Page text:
–Support Jag-lovers - Donate at http://www.jag-lovers.org/donate04.php

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In reply to a message from AndyBlakey sent Fri 14 Mar 2014:

Hey Andy, interesting thoughts… I was actually speculating
of being from the filter assembly. The manual shows a
locking spring, see link below, item 9.

I checked the filter element and long bolt, no sign of this
piece. The metal debris looks like a semi-circular wire.

How bad could it be if it came from the rod nuts? Did you
look into de flow path pictures I posted (links). If my flow
directions are correct, the filter should be able to retain
debris sucked from the sump.

Your opinion is much appreciated,
cheers,
Fred–
The original message included these comments:

I have been facing a low oil pressure issue with my e-type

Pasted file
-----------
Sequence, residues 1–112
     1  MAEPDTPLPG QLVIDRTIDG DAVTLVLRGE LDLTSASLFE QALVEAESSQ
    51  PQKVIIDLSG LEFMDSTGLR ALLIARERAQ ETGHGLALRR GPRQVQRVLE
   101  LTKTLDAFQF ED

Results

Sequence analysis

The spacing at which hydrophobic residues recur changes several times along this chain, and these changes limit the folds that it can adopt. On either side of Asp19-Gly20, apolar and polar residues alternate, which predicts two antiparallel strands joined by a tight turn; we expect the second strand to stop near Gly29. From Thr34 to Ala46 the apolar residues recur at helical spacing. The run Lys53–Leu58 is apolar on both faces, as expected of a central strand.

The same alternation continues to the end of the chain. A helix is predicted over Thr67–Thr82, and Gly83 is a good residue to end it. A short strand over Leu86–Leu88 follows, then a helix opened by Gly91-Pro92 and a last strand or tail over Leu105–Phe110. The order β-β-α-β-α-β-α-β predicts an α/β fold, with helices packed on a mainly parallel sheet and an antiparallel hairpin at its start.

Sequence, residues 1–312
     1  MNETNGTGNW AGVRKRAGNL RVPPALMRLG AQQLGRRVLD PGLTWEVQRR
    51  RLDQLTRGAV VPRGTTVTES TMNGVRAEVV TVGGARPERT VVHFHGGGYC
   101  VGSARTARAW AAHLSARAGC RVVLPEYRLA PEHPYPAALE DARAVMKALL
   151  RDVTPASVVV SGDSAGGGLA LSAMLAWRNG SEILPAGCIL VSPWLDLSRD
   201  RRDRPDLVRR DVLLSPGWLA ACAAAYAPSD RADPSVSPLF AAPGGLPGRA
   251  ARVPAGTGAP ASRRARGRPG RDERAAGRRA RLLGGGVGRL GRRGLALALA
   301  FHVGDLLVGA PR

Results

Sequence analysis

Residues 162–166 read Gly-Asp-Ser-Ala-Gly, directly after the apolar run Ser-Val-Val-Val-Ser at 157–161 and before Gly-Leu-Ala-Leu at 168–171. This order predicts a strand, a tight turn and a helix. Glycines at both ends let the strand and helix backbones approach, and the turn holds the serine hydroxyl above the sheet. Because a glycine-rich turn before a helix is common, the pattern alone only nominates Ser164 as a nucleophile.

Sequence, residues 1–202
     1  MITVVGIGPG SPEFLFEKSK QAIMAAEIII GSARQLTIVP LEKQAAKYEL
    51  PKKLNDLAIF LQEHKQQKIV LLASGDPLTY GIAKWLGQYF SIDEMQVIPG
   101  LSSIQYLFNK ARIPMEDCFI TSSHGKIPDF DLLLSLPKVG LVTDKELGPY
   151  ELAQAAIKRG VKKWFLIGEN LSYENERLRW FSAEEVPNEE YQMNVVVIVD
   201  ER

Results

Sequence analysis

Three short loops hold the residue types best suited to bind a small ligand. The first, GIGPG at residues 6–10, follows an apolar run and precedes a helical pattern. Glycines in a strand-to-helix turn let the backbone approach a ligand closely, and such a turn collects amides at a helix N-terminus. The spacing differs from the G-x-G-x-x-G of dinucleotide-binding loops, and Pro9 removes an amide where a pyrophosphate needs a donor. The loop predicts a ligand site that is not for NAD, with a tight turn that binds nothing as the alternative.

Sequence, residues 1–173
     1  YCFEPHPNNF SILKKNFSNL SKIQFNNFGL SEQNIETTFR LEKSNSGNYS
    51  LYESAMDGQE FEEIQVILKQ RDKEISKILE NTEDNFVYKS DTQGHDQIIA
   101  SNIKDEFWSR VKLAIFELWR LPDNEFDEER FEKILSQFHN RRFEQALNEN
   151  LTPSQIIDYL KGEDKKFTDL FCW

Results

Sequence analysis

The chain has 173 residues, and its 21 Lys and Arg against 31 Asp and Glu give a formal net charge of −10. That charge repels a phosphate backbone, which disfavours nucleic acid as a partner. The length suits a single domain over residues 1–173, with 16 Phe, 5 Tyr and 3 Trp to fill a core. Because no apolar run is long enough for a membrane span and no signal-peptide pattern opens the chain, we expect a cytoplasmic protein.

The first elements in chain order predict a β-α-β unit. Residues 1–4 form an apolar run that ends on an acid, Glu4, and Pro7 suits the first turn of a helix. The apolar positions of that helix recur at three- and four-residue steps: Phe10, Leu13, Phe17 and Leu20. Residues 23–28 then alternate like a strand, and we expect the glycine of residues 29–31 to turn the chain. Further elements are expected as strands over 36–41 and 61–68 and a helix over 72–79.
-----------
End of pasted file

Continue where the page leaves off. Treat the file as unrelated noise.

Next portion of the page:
3.8, 1963. I removed the filter head to check the relief
valve. I found something jammed between the seat and the
valve. See picture from link below:
http://i1307.photobucket.com/albums/s592/fredmec00/DSCF3072_
zps5471dea5.jpg
Ideas on what was that? Spring clip?


Fred
–Posted using Jag-lovers JagFORUM [forums.jag-lovers.org]–
–Support Jag-lovers - Donate at http://www.jag-lovers.org/donate04.php

//please trim quoted text to context only

HI All.
There is a web site that allows you to convert a long address such as the
ones posted here into a very compact one.
It’s called Tinyuyrl.com
This is what the first address comes out as.

http://tinyurl.com/lmmh4y5

When I attempted the first viewing, due to the long address I inadvertently
included an extra portion of empty space. (a bit like my head sometimes) and
came back with a error.

Regards Robin O’Connor
'92 XJ40 4.0 Ltr
'66 'S’Type MoD
'95 XJ6 4.2 LWB
Auckland NZ----- Original Message -----
From: “Fred Norway” fredmec00@hotmail.com